Wednesday, December 18, 2013


I didn’t understand. I didn’t think I could “get” it. How could someone be born in a boy’s body, but not be a boy. It made no sense to me. But I knew it happened.

So I tried really hard to remember back to my childhood.

How did I feel when I was a little girl?

I clearly recalled thinking how happy I was to be a girl. Many boys I saw were loud and obnoxious. They were supposed to be that way. They were expected to not care about privacy. Locker rooms were a free for all. It disgusted me. I was so happy that I could just be myself, playing with the toys I liked, chatting with my friends, using private stalls in clean washrooms. No towel slapping. No wedgies. No wrestling or roughhousing.  I was so relieved that I was a girl.

Now, a twenty-one year old I know is transitioning. As we sat up late talking, I shared my thoughts with them. And they said, imagine feeling the way I did, but not having a girl’s body. Imagine telling people that you weren’t comfortable with the expectations placed on you, but being told, “you were born with boy parts so you should act like a boy.” No matter how awkward you felt.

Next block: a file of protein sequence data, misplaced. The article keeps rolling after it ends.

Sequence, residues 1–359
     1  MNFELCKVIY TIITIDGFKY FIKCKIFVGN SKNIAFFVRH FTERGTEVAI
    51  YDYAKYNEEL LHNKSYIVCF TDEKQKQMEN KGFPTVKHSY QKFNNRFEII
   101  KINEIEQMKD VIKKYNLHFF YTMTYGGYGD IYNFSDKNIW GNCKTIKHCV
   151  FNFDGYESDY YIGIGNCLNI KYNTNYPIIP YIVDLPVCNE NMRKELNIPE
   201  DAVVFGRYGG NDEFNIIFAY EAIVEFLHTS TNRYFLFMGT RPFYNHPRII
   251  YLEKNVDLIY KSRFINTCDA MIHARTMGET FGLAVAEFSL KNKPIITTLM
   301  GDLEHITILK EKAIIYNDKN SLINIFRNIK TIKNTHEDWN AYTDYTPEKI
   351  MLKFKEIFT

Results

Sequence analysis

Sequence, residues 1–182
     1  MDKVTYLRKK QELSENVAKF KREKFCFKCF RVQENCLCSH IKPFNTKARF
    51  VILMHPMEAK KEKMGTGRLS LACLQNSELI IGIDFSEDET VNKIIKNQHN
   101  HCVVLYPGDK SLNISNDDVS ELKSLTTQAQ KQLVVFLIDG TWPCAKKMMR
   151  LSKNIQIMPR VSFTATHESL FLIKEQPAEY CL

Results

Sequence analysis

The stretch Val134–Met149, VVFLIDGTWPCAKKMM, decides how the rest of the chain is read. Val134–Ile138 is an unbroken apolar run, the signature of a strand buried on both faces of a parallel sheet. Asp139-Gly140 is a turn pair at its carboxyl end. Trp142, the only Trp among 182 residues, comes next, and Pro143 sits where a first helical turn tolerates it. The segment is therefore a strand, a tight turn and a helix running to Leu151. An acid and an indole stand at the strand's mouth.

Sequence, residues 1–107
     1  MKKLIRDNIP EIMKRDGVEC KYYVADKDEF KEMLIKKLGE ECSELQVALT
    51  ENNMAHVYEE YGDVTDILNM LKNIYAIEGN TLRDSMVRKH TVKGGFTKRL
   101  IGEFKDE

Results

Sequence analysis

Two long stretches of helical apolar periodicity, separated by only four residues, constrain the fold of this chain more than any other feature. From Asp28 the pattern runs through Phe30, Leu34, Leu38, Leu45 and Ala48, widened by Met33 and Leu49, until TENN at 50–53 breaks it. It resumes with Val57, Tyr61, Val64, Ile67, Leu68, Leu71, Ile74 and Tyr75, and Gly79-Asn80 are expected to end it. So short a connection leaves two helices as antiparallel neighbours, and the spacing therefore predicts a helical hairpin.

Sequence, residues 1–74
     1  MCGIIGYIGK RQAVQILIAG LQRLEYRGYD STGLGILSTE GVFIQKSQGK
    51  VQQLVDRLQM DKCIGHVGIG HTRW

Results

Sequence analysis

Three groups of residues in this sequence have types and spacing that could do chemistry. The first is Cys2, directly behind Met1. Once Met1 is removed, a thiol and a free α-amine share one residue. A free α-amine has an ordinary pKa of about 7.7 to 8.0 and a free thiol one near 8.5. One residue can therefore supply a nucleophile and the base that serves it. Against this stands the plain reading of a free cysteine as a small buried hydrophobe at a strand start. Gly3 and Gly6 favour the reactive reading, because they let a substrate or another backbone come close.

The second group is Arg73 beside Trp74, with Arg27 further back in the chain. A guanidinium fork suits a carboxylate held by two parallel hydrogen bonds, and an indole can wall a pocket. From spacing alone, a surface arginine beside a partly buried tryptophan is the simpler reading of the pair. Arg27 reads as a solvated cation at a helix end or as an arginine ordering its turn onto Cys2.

And it started to dawn on me…I would have been horrified if someone had expected me to act like a boy. I would not have been able to do it. But I was lucky enough to have the body and the heart of a girl, so different demands were not placed on me.

And my transgender friend then told me about the loneliness of growing up outside of society’s norms. Childhood was sad and adolescence, heartbreaking.  

There was a quiet retreat in to screens and fantasy.

No interactions so no expectations.

Solace in solitude.

Twenty-one years was too long to live this way. Twenty-one years of being misunderstood and ridiculed and hurt and shamed. Twenty-one years of isolation.

Their transition is now complete. As their body heals, it begins to match the soul.  The load is lightened. Life can be crazy and fun and happy and shared! Twenty-one years have past. They are over. 

And my strong friend deserves EVERYTHING.

Twenty-one years is too long.

I think I understand now.

(For Alison, with love and admiration.)

©Conni Cartlidge, 2013


1 comment:

  1. I can’t understand exactly how it must feel, not having experienced this myself, but I can empathize when I hear the story. It is hard enough being a teen, so this must have been doubly difficult when society is not always accepting. It takes a lot of strength.